In His teachings that have become known as the “Sermon on the Mount” (Matthew 5 and 6). Jesus admonished His listeners to “lay up treasure in heaven” (6:19-20). How? By not hoarding, by not laying up treasure for ourselves on earth, but by using our financial resources to help alleviate human suffering, by having compassion on the helpless and hopeless – for after all that is all we will be able to take with us, the treasure “stored up for ourselves in heaven.” It is so obvious in the Acts of the Apostles, and in the epistles of the New Testament, that the followers of Jesus in the times nearest to the time of His life and ministry, were being admonished to take the words and commands of Jesus much more seriously, His teachings regarding selfishness versus service, greed versus generosity, covetousness versus compassion, indifference versus intervention, hoarding versus hospitality, exclusion versus inclusion, etc. For example, see our Lord’s parable of “The Great Banquet” (Luke 14:15-24), where those who had made such weak excuses for not accepting the Master’s invitation, miss out on the “great supper” (i.e. the messianic banquet), and the Master sends His servant out to invite others, the disadvantaged and disabled, even the “outcasts,” to come and join in the joyous feast and celebration (see also Revelation 19:5-9, “…the marriage supper of the Lamb,” when the “bride”, the Church, has “made herself ready” to meet the “bridegroom,” Christ, she will be “presented to Him in splendor…holy and blameless” (Ephesians 5:25-27).
“Therefore, my beloved brethren, be steadfast, immovable, always abounding in the work of the Lord, because you know that in the Lord your labor is not in vain. NOW CONCERNING THE COLLECTION FOR THE SAINTS” (I Corinthians 15:58, 16:1). That is Paul’s conclusion to the greatest sermon the Apostle Paul ever preached on the resurrection, telling the believers in Corinth that if they really believe this Gospel, then they must understand what this means for them (and for all believers) in terms of how much they care, and how much they share, how they live and how they give. Paul was talking about the special offering that was being taken for the relief of the saints in Jerusalem. Yes, Paul was talking about money! Those early followers of Jesus were not offended when the preachers talked about money! They understood that they were accountable to God for the way they used their financial resources. For after all, everything they possessed had been given to them by God, and they dared not confused “possession” with “ownership”! They knew God was the owner, and all their possessions had been “loaned” to them. It was a joy for them to give back to God! It was a privilege to use their resources to help meet the needs of others, not only their brothers and sisters in Christ, but their neighbors as well (in the Bible our “neighbor” is anyone in need). If we have first given ourselves to God as a “living sacrifice of thanksgiving” (Romans 12:1), then we feel compelled, not forced but constrained by our love for God, to also express that love joyfully and generously by giving our money to help meet the needs of others. We want to give our best to the Master. Nothing less is enough!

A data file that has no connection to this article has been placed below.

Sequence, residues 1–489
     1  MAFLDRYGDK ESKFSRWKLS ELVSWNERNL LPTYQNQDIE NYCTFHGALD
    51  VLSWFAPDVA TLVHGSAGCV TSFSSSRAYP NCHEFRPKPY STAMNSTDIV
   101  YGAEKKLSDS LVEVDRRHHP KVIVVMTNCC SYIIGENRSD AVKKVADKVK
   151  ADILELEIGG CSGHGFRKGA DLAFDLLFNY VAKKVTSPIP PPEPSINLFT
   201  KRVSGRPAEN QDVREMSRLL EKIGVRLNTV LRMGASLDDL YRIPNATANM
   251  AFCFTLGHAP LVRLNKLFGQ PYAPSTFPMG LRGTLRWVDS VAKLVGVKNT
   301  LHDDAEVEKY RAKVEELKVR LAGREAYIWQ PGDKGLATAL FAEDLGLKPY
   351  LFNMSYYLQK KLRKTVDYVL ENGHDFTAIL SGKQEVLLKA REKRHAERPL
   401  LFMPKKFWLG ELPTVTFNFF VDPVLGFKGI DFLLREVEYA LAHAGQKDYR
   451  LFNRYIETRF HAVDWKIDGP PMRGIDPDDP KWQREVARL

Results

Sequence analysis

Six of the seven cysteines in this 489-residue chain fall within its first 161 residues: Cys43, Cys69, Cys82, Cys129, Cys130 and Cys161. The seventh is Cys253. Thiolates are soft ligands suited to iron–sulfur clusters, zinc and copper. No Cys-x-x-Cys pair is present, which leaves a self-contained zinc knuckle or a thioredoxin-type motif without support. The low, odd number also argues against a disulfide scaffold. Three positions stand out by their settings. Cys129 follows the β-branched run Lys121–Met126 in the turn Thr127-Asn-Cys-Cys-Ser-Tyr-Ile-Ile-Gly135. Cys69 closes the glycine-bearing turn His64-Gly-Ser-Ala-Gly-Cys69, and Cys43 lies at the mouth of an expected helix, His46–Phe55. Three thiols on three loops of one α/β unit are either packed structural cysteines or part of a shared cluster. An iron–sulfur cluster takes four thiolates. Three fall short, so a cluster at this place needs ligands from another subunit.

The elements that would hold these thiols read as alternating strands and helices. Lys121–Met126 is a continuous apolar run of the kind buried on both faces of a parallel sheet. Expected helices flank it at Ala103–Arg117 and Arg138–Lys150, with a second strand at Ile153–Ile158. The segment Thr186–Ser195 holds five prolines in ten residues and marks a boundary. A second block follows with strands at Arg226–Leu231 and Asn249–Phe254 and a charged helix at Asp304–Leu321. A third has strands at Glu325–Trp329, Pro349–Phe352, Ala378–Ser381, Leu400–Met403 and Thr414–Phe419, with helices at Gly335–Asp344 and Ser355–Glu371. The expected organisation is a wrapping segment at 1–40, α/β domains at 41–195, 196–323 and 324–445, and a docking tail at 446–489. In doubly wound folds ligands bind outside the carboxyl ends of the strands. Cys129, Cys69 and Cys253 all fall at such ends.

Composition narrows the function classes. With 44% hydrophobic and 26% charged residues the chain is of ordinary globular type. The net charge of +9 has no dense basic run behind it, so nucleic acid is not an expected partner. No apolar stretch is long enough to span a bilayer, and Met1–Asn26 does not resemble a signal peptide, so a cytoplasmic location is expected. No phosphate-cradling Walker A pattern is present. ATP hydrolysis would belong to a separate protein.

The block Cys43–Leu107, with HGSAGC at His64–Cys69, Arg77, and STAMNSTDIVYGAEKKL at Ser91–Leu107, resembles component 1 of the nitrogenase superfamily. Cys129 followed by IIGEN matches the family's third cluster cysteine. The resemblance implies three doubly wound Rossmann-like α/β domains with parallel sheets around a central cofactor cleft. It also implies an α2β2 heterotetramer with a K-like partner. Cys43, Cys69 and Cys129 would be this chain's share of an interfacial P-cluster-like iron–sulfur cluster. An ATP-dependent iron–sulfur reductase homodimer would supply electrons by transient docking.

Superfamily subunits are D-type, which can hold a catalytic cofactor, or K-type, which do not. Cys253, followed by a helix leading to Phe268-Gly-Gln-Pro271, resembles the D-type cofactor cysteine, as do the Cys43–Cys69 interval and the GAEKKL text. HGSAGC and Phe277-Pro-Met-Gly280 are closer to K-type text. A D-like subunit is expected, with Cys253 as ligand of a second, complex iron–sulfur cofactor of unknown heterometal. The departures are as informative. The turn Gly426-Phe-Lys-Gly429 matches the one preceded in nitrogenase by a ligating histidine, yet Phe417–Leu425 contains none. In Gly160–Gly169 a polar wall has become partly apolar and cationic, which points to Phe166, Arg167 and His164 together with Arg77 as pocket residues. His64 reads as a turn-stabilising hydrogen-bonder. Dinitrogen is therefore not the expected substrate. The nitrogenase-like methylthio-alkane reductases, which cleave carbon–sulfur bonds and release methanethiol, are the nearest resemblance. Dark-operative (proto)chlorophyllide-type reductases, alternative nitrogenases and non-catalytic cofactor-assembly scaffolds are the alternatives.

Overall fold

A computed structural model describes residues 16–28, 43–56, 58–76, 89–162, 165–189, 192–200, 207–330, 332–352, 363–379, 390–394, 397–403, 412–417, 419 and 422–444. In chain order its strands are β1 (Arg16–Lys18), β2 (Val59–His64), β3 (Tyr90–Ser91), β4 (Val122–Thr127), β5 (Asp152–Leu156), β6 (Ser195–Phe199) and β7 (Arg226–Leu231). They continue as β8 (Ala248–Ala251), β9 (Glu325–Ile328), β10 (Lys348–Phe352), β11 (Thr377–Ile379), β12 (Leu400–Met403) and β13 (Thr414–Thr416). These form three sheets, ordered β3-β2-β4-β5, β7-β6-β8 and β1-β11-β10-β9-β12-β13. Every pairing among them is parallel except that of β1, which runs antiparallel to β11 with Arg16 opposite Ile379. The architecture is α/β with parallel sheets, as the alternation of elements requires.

In conclusion, I encourage those of you who claim to be followers of Jesus to remember this: THE WAY WE USE THE FINANCIAL RESOURCES GOD HAS ENTRUSTED TO US IS A GOOD SPIRITUAL BAROMETER TO GUAGE THE DEPTH OF OUR LOVE AND GRATITUDE TO GOD, AND THE QUALITY OF OUR COMMITMENT TO JESUS, WHO GAVE HIMSELF FOR US!